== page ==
Growing marijuana, cannabis or hemp has always been a controversial topic, especially when it comes to its legalization, either for recreational purposes or, as in most cases, for medicinal use.
Some say that the marijuana plant alone doesn’t represent a threat to humans, however, everything depends on the purposes for which it is grown and the use it is given to it.
While in some regions of the world, such as Europe and North America, measures have already been implemented to allow its legalization for recreational purposes, beyond medicinal use, in Latin America small steps are still being taken. And for that reason, we will talk about the legal cultivation of marijuana or hemp in Latin America in this article.
Latin America, a pioneer in legalizing marijuana
Although many don’t know it, a Latin American country was the pioneer worldwide in legalizing marijuana for recreational purposes. We are talking about Uruguay that legalized the consumption of marijuana nationwide in 2013. In this country, people can find the product in pharmacies and buy up to 40 grams a month.
Two companies (Symbiosis and Iccorp) are state-licensed and authorized to grow hemp in the country for commercial purposes. The country’s residents can manage their crops for personal use, where they can grow up to 480 grams per person per year, however, they cannot commercialize them in laboratories.
The other country that can carry out the legal cultivation of cannabis in Latin America is Mexico, which approved its legalization for recreational use in June 2021, leaving its prohibition of recreational use null and void. In Mexico, people may plant, collect, transport, and distribute hemp, if it’s for personal use, that is, it cannot be commercialized.
Marijuana cultivation for medicinal purposes only
By 2016, Colombia took the step towards the legalization of medical marijuana, but not until November 2020 was the possibility of legalizing it for recreational uses discussed. However, the House of Representatives saved the project and so far there has been no further news on the matter.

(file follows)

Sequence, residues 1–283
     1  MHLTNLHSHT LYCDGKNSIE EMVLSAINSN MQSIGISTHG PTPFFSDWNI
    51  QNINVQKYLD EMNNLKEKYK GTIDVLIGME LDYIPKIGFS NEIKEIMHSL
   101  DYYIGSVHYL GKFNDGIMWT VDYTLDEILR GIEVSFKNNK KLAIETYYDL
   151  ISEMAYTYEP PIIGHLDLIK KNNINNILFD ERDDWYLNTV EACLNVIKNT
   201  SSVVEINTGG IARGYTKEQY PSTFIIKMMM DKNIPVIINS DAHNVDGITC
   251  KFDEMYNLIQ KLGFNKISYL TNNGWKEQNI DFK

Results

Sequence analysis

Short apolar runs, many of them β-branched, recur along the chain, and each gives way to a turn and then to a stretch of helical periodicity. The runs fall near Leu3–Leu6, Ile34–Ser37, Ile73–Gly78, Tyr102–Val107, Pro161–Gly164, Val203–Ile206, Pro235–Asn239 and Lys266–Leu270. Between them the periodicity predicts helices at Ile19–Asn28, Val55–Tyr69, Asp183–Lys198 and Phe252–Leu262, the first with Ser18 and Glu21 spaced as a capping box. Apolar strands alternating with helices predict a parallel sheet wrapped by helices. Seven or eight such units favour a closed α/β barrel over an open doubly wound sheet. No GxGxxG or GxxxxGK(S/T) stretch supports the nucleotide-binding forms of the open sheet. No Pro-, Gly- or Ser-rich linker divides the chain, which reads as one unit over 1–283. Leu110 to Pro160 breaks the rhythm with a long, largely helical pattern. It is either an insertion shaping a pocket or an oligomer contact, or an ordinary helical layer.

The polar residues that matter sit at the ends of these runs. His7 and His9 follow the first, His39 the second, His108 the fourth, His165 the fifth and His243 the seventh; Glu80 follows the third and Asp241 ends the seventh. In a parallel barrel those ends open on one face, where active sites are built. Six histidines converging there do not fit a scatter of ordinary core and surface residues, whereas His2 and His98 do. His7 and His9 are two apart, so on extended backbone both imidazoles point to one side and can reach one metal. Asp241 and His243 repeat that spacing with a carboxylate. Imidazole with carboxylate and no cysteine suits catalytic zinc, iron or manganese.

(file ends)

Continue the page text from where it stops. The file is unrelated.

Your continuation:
In Argentina, although in 2017 a law had already been passed to use marijuana medicinally, in November 2020 a new regulation was approved that allows people, who have some ailment and need to use marijuana to complement treatment, to grow it at home without penalty. Also, the State may provide marijuana free of charge to these patients.
Thanks to the new regulation, public and private companies will be able to produce some derivatives such as hemp oil, while at the same time new scientific research will be promoted to demonstrate that the use of marijuana is beneficial and safe for health.
For its part, Ecuador joined in September 2019 other countries that had already legalized marijuana for medicinal use, while in other regions such as Paraguay, Peru, Puerto Rico, and Chile (one of the largest cannabis producers in the region) there’s also limited authorization to use marijuana for recreational purposes.
In the specific case of Ecuador, the nation has large extensions of land dedicated to planting flowers such as roses, where marijuana is also currently being cultivated.
CannAndes is a company that today occupies one hectare of the extensive plantation of the nine hectares that the Ministry of Agriculture and Livestock authorized the firm. To learn more about this initiative and why the country is recognized for having the first legal cannabis cultivation farm in the South American region, click here.
In Panama, the National Assembly passed a law in August 2021 regulating the medicinal and therapeutic use of marijuana and its derivatives. Only the Ministry of Health will have the power to issue licenses for its importation, acquisition, and commercialization, thus prohibiting the sale within the region of products derived from medicinal hemp, either online or at home.
Many countries in the region are in the process of developing their legal regulations and the measures they plan to take in the future, while the scope for improvement continues to expand.
Illegal marijuana cultivation
Although the legal cultivation of marijuana in Latin America has been gaining ground, especially for its medicinal use, it’s still considered illegal in other countries of the region. In countries such as Guatemala, Nicaragua, Costa Rica, Venezuela, Bolivia, El Salvador, Cuba, the Dominican Republic, and Honduras its consumption is prohibited.